Northern lights Forecast
We are often asked about when is the best tiome to see the Northern Lights, and if it is possible to tell in advance if they will be happening. Well, it is, but only a few days in advance.
The National Oceanic and Atmospheric Administration (NOAA) have a forecast model that can tell up to three days in advance when/where ypou might see the Aurora.
The 3-Day Aurora Forecast model shows the intensity and location of the aurora as expected for the time shown at the top of the map. This forecast is based on the 0 - 3 day forecast of the planetary geomagnetic activity. Each frame shows the estimated location of the aurora for a three-hour period. The sunlit side of Earth is indicated by the lighter blue of the ocean and lighter color of the continents. The day-night line or terminator is shown as a region that goes from light to dark. The lighter edge is where the sun is just at the horizon. The darker edge is where the sun is 12 degrees below the horizon.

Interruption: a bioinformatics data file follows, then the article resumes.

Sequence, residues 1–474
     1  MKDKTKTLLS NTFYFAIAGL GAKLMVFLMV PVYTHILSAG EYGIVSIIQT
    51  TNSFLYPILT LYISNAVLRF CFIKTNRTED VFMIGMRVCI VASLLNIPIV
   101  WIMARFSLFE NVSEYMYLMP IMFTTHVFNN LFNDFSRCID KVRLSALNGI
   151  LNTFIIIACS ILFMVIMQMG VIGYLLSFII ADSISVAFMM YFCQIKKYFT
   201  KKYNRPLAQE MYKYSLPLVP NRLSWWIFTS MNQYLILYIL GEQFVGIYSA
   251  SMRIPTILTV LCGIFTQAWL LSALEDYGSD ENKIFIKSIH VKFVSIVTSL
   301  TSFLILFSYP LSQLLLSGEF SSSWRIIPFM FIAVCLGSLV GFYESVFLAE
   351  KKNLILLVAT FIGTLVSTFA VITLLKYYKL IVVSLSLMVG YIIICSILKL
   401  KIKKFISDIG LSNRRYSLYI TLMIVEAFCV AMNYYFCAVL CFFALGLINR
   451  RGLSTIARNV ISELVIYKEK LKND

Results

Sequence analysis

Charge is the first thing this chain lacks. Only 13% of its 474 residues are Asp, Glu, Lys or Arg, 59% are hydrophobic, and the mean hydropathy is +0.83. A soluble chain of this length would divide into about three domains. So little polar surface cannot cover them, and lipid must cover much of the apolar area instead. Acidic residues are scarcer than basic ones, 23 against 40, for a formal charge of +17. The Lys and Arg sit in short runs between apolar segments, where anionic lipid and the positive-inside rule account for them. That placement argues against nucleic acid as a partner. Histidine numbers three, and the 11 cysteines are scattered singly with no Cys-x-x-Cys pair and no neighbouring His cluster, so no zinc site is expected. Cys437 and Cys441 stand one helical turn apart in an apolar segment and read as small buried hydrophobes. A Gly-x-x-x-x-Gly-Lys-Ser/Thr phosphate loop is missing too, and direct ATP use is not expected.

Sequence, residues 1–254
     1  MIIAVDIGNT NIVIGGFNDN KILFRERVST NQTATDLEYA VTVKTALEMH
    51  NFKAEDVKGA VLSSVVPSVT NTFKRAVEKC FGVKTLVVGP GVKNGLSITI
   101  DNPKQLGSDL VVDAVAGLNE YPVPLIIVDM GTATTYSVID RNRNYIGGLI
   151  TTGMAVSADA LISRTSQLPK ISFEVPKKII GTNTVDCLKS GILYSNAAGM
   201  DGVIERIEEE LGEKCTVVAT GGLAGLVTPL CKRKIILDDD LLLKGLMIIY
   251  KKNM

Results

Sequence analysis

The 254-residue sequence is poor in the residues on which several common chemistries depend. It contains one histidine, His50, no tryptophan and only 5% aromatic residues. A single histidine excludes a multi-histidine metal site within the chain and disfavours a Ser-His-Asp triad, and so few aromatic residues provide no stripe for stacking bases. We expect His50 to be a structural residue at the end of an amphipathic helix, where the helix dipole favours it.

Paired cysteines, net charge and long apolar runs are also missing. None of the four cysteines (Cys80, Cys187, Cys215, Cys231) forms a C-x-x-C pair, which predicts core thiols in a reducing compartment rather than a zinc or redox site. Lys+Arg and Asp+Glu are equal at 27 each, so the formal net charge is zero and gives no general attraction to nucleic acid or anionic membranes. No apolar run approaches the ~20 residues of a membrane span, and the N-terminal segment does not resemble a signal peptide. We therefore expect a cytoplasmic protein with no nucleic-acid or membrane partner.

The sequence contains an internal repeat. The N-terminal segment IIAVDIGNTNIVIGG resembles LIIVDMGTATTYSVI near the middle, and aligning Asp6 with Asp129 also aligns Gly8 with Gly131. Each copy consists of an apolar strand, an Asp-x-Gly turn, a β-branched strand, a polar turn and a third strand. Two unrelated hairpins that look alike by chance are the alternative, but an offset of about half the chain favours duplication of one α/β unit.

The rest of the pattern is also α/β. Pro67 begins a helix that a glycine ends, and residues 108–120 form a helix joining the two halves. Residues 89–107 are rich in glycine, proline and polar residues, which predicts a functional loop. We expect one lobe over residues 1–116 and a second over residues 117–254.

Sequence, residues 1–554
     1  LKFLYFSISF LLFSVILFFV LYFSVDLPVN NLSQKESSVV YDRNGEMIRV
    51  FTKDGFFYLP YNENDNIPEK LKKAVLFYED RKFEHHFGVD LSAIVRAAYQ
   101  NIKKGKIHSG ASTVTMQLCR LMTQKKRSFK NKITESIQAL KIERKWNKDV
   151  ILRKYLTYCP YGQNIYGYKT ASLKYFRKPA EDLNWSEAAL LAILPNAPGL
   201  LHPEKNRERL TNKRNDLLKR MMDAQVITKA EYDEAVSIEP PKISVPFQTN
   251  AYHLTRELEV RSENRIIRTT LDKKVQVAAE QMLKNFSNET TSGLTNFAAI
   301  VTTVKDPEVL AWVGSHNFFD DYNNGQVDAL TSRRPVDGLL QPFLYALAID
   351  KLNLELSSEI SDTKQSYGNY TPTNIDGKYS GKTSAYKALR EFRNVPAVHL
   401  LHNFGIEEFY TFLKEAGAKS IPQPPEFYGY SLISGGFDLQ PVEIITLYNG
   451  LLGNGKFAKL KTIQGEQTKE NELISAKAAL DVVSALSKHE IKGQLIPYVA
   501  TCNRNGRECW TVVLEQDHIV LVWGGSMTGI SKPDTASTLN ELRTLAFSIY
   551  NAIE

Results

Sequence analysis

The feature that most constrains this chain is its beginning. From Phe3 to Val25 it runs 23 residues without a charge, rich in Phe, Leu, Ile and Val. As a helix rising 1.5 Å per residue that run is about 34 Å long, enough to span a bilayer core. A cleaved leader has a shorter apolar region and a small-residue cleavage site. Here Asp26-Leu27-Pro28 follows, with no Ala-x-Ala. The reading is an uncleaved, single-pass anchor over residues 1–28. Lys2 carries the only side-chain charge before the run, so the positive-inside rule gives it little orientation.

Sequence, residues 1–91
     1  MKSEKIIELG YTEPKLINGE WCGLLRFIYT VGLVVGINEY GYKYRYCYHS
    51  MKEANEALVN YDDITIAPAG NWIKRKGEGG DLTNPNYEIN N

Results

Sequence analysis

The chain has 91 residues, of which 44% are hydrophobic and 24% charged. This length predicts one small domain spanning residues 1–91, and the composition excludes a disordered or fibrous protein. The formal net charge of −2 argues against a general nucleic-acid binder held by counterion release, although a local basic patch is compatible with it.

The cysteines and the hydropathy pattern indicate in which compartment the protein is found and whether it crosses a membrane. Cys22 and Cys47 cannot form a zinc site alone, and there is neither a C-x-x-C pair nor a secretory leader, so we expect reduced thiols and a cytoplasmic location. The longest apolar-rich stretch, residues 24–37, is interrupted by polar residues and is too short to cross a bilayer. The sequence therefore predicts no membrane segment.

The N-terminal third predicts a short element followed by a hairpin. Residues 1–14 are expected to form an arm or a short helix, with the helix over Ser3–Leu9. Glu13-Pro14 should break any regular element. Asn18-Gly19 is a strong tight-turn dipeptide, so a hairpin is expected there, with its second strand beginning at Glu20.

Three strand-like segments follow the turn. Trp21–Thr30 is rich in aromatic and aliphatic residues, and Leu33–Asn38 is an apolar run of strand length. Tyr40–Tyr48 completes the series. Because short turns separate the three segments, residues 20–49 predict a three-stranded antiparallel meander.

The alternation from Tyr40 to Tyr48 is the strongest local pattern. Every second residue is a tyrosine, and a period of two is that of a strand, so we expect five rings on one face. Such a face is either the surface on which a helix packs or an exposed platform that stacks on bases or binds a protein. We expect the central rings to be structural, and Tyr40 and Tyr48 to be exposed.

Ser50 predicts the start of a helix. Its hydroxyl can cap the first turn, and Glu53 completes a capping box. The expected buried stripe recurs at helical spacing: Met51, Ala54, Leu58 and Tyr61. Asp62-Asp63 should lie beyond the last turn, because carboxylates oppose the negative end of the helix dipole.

This product is very loosely based on an Aurora Forecast model developed at the Johns Hopkins University, Applied Physics Lab. The version of the model that is used here has been modified to use the planetary geomagnetic activity index, Kp, as a driver rather than the solar wind conditions.
Remember, so see the Northern Lights you need three things to be happening.
- The Northern Lights need to be turned on
- The sky needs to be clear or clearish
- It needs to be dark (We get lots of requests for the Northern lights in June!)(.
To see the latest forecast, go to the NOAA website.